The biggest news in Catholic news right now is the debut of “EWTN News Nightly.” Thanks to Deacon Greg Kandra’s blog, you can see the Sept. 3 premiere and enjoy intelligent commentary about the telecast. Thanks to Lisa Hendey’s blog, written in advance of the debut, you can feel the kind of excitement that a number of news junkies have been experiencing about this potentially huge step forward in the New Evangelization.
What kind of news junkie would get excited about a show like this? Well, G.K. Chesterton, for one. Yes, he’s been deceased for decades, so we won’t see him blogging about “EWTN News Nightly.” But he was a journalist for whom an interest in the latest news was seamlessly integrated with an interest in the whole world–its past, present, and future–and how everything gained importance, or at least relevance, when looked at through a Catholic lens.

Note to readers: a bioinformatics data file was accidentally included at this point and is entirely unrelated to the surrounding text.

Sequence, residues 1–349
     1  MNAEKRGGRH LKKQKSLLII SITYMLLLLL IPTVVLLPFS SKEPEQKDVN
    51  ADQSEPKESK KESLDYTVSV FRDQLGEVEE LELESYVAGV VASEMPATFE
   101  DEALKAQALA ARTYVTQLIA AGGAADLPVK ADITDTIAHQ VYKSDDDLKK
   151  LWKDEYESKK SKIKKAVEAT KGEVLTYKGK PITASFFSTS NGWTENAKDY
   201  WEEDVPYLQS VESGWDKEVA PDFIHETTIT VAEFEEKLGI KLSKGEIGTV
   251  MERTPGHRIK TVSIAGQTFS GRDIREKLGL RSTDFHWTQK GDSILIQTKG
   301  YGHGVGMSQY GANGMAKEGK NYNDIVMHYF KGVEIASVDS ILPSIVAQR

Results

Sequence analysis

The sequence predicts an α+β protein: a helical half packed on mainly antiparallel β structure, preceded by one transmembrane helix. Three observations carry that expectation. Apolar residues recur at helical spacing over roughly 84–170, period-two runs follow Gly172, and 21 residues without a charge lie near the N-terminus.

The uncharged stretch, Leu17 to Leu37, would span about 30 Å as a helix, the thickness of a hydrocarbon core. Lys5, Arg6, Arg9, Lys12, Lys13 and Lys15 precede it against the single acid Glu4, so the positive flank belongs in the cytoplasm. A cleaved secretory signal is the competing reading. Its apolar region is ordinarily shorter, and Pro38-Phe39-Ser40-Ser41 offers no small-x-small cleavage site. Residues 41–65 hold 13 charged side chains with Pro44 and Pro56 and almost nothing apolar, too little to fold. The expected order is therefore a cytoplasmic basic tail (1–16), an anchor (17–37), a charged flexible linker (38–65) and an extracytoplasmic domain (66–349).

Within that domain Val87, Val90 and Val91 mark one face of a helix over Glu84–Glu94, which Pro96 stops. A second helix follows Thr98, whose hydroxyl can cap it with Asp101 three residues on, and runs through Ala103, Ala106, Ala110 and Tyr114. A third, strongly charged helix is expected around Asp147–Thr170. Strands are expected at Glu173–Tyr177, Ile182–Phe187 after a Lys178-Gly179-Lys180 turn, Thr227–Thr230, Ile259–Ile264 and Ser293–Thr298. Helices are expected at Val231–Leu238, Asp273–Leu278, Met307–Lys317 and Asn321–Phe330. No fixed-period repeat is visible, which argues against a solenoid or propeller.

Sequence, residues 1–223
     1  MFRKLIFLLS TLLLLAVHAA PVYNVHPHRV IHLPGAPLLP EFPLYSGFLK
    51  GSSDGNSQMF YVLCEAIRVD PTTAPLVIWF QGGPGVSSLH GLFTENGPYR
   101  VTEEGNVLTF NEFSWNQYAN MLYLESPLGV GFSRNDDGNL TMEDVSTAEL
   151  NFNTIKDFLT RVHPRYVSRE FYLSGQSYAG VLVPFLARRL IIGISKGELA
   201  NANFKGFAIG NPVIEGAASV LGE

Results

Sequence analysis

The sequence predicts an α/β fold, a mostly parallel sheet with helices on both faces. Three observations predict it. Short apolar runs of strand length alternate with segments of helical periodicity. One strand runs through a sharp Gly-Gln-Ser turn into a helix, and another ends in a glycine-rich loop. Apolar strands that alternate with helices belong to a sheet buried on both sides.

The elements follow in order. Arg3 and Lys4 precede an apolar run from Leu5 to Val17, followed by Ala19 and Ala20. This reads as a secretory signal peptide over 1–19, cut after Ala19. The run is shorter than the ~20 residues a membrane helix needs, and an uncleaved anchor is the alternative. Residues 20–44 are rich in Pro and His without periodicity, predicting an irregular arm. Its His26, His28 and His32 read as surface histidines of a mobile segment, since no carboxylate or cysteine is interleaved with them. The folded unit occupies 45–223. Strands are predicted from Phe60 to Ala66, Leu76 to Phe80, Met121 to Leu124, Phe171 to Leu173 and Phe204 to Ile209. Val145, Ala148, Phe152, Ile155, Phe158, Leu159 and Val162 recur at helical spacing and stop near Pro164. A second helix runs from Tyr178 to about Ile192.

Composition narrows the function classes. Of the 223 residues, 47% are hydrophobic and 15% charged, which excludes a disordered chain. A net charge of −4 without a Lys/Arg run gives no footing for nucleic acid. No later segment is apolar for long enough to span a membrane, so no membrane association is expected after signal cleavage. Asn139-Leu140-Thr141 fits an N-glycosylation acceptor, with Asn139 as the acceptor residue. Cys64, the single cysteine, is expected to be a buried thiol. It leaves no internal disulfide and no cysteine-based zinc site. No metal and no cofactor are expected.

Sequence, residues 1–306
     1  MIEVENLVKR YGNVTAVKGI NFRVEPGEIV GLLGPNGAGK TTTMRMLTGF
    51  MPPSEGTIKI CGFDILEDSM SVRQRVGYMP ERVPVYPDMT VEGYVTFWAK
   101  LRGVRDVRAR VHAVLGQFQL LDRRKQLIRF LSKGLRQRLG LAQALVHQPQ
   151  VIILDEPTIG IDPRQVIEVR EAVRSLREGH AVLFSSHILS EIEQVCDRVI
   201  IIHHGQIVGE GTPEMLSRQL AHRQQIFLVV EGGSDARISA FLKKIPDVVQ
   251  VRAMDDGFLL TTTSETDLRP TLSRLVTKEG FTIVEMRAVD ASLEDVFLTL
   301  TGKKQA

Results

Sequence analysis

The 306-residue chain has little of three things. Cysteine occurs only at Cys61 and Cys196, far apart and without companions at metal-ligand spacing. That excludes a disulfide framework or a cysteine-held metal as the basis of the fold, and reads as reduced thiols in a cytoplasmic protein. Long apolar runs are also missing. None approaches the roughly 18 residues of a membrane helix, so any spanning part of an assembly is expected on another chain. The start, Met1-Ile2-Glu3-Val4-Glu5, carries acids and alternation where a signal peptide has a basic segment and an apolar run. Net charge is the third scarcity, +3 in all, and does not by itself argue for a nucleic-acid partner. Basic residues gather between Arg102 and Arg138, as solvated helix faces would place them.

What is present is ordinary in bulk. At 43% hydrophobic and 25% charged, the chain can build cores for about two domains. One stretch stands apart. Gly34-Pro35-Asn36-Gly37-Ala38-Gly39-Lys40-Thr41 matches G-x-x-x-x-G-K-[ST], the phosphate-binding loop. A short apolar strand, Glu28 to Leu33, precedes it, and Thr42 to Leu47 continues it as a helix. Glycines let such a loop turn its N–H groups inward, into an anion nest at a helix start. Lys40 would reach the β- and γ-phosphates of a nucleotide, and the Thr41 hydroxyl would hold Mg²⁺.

When everything is inherently noteworthy, and lifelong learning is an embrace of Christ the Teacher and the search for Truth, you don’t need state-of-the-art visuals or frenetic theme music or tantalizing story teasers to keep you watching. So “EWTN News Nightly,” which will be presented only weekly at first, has none of those things. It’s mature and well-spoken and a bit reflective–maybe so much so that it could use a bit more urgent dynamism. And anchor Colleen Carroll Campbell is a refreshing presence who radiates professionalism in her clear thinking and good questioning. Her approach toward her on-camera guests is right and rare: They must increase, and I must decrease.
This is just the beginning for this bold EWTN experiment. It will be worth watching future episodes and praying for the success of the project. The New Evangelization needs this kind of regular mass-media testimony that the Catholic faith is relevant to the world, and vice versa. This intelligent, faith-filled anchor and her team will remind people that the news need not be a cheapened commodity or a subjective product of personal, relativist perspective. Journalism, at its best, is a way of journaling about the human journey. This journey helps us keep growing, and this program is likely to keep growing, too.